The study, published in the European Journal of Preventive Cardiology, examined data from over 90 000 adults and was the first to use accelerometry, a more objective method of measuring physical activity and sleep duration.
The study found that in individuals who had low levels of physical activity, both short and long sleep durations were associated with increased risks of all-cause death. However, in those with intermediate or high levels of physical activity, only short sleep duration was detrimental to lifespan. For cardiovascular death, short sleepers with low physical activity had an increased risk, which disappeared with moderate or high levels of exercise. Similarly, for cancer death, long sleepers with low physical activity had an increased risk, which disappeared with moderate or high levels of exercise. Similar results were found for moderate to vigorous physical activity. Additionally, meeting the World Health Organization's recommendations for physical activity offset the increased risks associated with short or long sleep duration.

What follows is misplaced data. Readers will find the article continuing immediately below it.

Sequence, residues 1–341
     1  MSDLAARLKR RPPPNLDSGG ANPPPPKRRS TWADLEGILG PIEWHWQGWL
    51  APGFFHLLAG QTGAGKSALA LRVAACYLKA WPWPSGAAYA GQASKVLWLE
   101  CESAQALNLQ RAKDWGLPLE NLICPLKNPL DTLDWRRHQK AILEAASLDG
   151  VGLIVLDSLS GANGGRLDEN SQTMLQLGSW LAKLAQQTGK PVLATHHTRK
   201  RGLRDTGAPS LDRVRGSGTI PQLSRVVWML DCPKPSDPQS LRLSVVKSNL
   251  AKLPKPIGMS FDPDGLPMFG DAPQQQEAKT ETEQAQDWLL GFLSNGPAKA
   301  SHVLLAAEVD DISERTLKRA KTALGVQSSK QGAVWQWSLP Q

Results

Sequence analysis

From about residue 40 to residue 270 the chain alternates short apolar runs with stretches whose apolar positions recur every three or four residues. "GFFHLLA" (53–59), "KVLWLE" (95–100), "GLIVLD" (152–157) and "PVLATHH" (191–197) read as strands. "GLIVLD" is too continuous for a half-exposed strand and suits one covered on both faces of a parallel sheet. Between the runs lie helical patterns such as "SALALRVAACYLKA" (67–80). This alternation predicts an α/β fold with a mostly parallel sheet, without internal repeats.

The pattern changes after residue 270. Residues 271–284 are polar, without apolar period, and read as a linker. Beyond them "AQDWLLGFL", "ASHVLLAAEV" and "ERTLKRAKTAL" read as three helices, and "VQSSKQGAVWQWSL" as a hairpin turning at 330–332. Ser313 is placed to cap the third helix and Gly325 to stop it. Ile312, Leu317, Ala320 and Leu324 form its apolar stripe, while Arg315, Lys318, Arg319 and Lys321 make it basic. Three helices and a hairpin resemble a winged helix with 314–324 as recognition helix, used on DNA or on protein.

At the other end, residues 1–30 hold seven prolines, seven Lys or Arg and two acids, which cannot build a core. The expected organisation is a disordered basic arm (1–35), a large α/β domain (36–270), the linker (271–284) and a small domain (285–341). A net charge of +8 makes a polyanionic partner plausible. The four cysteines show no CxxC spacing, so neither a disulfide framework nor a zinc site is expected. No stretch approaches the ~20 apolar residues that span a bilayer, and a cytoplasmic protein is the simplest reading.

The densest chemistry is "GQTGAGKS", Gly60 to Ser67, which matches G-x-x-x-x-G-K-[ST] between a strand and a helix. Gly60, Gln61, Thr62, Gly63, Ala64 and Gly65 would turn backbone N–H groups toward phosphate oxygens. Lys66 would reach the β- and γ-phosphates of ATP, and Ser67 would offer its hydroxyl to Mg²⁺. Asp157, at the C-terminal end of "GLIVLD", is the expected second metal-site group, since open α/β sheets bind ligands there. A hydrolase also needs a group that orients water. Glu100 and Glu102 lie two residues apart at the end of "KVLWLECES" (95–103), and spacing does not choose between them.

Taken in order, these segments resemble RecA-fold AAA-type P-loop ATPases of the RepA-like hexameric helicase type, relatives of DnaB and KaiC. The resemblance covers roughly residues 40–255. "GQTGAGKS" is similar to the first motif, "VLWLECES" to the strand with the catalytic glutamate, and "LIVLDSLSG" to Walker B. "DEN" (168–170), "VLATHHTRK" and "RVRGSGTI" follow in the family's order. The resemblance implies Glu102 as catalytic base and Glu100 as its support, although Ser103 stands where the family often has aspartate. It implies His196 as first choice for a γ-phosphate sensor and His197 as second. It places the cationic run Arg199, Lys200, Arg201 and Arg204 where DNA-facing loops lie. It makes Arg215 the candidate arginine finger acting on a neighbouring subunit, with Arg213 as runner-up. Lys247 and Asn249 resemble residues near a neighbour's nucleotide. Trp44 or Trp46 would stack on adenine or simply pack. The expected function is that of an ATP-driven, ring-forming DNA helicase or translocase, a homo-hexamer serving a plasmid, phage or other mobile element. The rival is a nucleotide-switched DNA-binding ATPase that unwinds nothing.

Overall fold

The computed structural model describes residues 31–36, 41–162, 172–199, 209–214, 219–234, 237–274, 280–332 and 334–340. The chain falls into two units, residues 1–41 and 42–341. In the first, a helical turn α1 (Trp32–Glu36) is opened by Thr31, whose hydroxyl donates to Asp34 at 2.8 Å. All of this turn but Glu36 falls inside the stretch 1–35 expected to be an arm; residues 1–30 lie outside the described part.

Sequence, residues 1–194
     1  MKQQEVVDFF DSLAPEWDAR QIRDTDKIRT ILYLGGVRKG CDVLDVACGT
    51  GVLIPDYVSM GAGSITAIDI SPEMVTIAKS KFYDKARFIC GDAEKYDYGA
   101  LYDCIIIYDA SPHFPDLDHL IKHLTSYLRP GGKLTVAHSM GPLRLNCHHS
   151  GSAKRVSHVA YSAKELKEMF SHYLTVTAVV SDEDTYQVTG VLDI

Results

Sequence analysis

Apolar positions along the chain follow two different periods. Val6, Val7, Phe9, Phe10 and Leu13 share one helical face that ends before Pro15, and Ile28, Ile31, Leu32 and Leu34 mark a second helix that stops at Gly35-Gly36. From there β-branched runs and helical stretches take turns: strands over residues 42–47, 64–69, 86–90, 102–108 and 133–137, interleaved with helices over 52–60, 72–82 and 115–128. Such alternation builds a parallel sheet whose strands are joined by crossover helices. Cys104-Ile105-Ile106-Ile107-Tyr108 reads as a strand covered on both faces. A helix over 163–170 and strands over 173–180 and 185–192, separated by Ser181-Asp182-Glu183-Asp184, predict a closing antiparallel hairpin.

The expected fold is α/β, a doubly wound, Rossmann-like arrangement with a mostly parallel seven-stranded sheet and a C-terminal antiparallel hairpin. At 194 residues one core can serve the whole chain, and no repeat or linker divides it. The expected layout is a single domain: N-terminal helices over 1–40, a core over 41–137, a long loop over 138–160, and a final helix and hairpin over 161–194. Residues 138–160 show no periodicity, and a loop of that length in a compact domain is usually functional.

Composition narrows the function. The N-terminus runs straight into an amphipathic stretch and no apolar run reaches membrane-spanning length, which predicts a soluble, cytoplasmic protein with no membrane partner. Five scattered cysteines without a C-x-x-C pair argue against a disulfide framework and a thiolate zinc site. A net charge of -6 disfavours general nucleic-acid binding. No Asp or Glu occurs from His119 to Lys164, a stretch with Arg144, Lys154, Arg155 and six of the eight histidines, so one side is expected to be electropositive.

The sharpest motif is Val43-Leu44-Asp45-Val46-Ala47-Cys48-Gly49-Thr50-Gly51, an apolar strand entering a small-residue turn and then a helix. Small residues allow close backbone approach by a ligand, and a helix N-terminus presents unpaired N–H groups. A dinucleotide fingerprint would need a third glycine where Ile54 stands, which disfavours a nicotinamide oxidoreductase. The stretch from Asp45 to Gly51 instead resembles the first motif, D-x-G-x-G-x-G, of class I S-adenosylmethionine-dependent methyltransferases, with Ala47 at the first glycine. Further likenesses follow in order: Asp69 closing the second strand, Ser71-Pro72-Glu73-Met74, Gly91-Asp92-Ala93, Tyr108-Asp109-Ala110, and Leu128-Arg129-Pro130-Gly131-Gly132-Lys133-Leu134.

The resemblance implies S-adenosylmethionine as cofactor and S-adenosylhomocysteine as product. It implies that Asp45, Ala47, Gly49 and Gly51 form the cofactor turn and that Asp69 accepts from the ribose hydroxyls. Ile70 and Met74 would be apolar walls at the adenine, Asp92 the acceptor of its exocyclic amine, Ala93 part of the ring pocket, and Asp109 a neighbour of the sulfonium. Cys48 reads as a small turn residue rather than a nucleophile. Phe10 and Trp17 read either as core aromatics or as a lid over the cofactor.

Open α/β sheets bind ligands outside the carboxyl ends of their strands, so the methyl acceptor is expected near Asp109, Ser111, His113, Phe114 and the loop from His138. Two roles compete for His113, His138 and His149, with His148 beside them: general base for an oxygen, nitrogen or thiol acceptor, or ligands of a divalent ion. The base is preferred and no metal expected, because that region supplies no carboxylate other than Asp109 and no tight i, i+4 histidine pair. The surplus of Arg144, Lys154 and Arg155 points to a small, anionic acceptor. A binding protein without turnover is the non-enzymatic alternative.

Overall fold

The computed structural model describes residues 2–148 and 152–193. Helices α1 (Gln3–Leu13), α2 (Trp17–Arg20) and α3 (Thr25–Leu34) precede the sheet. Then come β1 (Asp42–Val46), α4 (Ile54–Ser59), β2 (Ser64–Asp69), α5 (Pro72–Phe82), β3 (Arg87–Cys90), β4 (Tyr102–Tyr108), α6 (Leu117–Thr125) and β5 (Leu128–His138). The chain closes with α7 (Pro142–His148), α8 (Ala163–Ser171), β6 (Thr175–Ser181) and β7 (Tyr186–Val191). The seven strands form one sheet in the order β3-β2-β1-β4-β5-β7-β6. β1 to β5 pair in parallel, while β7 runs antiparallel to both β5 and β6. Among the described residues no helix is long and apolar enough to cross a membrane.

The study suggests that promoting both regular physical activity and optimal sleep duration may be more effective in preventing premature death in middle-aged and older adults than focusing on either behavior alone. The findings highlight the importance of addressing both physical activity and sleep duration in health promotion efforts to improve overall health and extend lifespan.